Last Sunday, Venezuelans initiated the process of rewriting their constitution through democratically elected representatives. The final document will be subject to a nation-wide up or down vote. This process, enshrined in the 1999 constitution written after Chavez was elected, virtually unparalleled in democracies worldwide, presents an opportunity for the Venezuelan people to breathe life into their crisis-ridden society and engage in a nation-wide dialogue about paths forward.
Chavez consistently emphasized that alongside the political struggle to change formal institutions, people needed to carry forth the everyday battle of ideas. He urged those dedicated to constructing socialism to convince others by upholding the highest ethical values, participating actively in the public discourse in their communities and workplaces, and basing their arguments on sound reasoning and deep factual and experiential knowledge, which they should gain through focused study.
Chavez, an avid reader, encouraged people to study and engage in open discussion because he saw this as an antidote to corruption and sectarianism. His vision was that sound ideas and well-crafted arguments could convince enough people to eventually arrive at a new cultural consensus that would become the predominant set of enduring values and ideas, which in the video he calls hegemony. Such unity, however, cannot be monolithic or decreed from above, he emphasizes: it must be nurtured through debate.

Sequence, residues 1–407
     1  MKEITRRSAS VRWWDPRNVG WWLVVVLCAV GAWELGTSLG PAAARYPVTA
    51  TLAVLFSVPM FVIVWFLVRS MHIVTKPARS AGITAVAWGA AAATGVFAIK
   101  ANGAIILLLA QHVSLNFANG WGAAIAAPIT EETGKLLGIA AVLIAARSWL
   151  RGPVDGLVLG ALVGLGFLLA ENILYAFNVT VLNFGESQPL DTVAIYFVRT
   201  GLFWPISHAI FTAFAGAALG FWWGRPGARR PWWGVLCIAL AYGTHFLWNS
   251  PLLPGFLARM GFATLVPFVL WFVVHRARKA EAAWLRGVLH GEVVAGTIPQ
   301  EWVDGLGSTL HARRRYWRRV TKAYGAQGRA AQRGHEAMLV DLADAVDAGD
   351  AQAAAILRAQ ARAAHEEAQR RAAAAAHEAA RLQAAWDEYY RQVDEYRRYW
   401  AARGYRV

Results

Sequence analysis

Chavez The Radical IX portrays community leaders conversing with their neighbors outdoors or in community centers. During the Chavez government, such spaces for community organizing and public engagement proliferated, driven by active community leaders and encouraged consistently by the government through laws such as the Communal Council Law of 2006, which granted public funds to community councils comprised of families that democratically elected a local assembly and demonstrated financial transparency.
The battle of ideas is crucial, Chavez says, because the opponents of socialism have the immensely powerful apparatus of corporate media at their disposal, including the most dominant media outlets of the U.S. and Europe, campaigning with blatant lies, fear-mongering, and propaganda that must be countered with sound, reasonable arguments.
Translation and subtitles by Joshua Wilson.